Olympia, Washington USA 25 August 2021 – Meeting in Executive Session on 24 August, the Congress of Nations and States (CNS) Convening Council (formerly the Preparatory Body) unanimously adopted the CNS Charter to establish the Congress as an international organization formally. Miguel J. Alfonso Martinez noted diplomat and Special Rapporteur to the UN Working Group on Indigenous Populations, recommended in his final report to the United Nations, “that indigenous nations and states must engage and negotiate based on equality.” Martinez’s 1997 report is entitled “Study on Treaties, Agreements and other Constructive Arrangements between states and Indigenous populations.” Since Martinez’s recommendation, the United Nations and multilateral organizations of indigenous nations have adopted the proposal that new international organizations are needed to promote equality and peaceful relations between nations and states, supplementing the work of existing international bodies. After the decision to adopt the Charter Convening Council, Co-Chair Dr. Emmanuel Enekwechi of the Federation of Biafra said:
“We present this Charter of the Congress of Nations and States to the world as we pursue the work of joining humanity together instead of pushing humanity apart. Here we are doing work to promote the practice of people working to realize that there are methods for bringing people together instead of splitting them apart and destroying them and then exploiting them in all kinds of ways. The Congress of Nations and States represents a new pathway for peaceful, respectful, and constructive relations between peoples for the 21st century.”
The purpose of the Congress is to serve as “a permanent international organization for Nations and States to directly negotiate policies and practices, conflicts, and disputes to create new international norms acceptable to all members” according to Article 1 of the Charter. Hmong leader Dr. Xoua Thao serving on the Convening Council, acted as the Chair of the CNS Draft Charter Working Group tasked with the responsibility to produce the present Charter that was first tabled in December 2020. After numerous drafts and revisions, the 22 Article Charter adopted by the Convening Council received a unanimous vote of approval by the Council.
Human Rights attorney Ms. Fajar Schouten-Korwa of West Papua, serving as the Co-Chair of the Convening Council, announced her embrace of the CNS Charter, noting the importance of paragraph two of the Charter Preamble:
“Together as member Nations and States, we shall advance our expressed commitment to self- determination, fundamental rights, and equalities for all Peoples under International Laws and Treaties and find common and mutually beneficial solutions through diplomacy, cooperation, and new measures to resolve conflicts, sustain natural life, and engage Nations and States toward lasting peace, progress, and prosperity.”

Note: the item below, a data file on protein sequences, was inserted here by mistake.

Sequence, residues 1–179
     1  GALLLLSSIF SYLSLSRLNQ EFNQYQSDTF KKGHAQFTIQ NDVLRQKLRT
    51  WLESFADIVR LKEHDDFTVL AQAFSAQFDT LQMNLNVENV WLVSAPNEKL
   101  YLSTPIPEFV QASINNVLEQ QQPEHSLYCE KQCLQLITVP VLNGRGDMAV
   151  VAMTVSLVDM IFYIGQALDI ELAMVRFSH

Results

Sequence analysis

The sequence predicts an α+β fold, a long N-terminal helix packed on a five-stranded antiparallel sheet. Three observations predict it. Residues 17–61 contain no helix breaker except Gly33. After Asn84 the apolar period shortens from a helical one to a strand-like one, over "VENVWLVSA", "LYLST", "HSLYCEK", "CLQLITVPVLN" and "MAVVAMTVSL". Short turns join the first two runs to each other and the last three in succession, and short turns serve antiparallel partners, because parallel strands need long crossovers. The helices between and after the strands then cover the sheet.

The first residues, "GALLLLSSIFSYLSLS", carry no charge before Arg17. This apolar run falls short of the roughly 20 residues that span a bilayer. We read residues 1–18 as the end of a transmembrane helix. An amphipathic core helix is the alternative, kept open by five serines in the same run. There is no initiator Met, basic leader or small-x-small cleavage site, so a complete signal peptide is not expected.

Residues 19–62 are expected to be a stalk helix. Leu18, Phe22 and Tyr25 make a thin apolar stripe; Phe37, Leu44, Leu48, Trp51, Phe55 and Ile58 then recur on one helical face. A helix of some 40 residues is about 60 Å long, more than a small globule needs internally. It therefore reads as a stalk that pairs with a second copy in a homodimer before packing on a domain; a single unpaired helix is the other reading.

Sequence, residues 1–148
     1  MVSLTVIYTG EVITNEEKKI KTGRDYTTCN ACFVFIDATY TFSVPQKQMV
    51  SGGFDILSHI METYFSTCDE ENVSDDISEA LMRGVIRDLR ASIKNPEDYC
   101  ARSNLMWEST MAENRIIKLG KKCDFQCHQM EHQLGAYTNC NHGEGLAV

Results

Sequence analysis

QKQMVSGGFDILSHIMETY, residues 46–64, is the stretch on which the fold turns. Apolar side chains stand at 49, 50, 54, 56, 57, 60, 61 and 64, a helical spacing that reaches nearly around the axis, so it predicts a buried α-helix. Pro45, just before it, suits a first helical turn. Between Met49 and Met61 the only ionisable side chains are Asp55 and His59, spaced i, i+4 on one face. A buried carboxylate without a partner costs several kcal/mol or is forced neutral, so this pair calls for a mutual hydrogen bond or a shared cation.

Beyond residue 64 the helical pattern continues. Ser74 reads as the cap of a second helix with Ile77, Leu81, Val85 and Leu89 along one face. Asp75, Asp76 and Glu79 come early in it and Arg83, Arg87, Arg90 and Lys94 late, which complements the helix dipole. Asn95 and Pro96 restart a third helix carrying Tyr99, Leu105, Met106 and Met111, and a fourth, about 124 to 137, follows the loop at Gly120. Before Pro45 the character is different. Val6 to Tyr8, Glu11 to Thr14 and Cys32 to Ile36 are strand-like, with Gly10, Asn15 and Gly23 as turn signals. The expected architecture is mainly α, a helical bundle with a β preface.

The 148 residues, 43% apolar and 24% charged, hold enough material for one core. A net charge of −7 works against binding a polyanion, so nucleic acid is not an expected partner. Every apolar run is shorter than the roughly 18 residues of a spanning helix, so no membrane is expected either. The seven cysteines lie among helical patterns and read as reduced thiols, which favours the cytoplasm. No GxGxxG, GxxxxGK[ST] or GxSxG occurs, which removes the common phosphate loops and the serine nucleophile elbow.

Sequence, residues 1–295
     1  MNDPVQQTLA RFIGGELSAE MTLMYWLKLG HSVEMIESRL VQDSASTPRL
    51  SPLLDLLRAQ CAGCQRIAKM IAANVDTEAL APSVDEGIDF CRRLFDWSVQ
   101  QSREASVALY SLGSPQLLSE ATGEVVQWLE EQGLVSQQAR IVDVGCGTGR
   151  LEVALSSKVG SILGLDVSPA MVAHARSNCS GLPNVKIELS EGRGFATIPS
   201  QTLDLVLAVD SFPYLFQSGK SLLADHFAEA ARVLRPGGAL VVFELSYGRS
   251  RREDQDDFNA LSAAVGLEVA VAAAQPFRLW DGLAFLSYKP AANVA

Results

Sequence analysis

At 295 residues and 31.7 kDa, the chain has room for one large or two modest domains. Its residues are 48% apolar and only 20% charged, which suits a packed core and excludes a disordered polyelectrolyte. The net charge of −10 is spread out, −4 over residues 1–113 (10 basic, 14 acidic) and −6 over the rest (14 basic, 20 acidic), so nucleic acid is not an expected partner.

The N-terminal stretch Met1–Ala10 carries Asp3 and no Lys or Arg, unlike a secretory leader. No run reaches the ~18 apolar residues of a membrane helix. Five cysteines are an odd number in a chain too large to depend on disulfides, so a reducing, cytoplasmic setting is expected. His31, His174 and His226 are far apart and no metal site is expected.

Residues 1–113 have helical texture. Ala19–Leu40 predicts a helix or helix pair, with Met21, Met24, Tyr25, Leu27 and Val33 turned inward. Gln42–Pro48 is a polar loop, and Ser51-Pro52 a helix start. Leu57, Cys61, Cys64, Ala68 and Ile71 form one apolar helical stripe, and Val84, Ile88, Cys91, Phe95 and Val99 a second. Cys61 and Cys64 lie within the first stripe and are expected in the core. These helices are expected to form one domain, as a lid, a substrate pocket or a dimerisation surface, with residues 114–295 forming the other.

Schouten-Korwa affirmed her view by saying, “This statement in the Charter says it all! We must be committed to working together as equals for the benefit of all peoples, of all nations and states. This is especially important in the face of threats to human life by the changing climate, violence against peoples, the spread of global pandemics, and the unrestrained actions that destroy life-giving biodiversity.”
The Charter includes provisions to establish Specialized Commissions to draft and report resolutions to the Assembly, the CNS Secretariat, and notably a Justice Mechanism “to ensure the prosecution of those crimes and the pursuit of justice.
The Convening Council is acting to convoke the inaugural Assembly in the fall of 2022 with the support of a host nation and a host state and its members. There are more than 5000 self-identifying nations with a combined population of 1.9 billion people (24% of the world’s population) and 206 internationally recognized states. Nations and States governing authorities in ten regions of the world are invited to become Founding Charter Signorties. The regions include Africa, Arctic, Asia, Europe/Eurasia, Melanesia, North America, Pacific, South America (including Central America and the Caribbean), South Asia, and West Asia.
“While we do not expect all 5000 nations and 206 states to become CNS members, we to expect from 50 to 100 nations and states to become Charter Founders,” according to Secretary-General Rudolph Ryser. Invitations to sign the Charter will be issued to 100 nations and states in anticipation of obtaining the prospective membership by the Fall of 2021.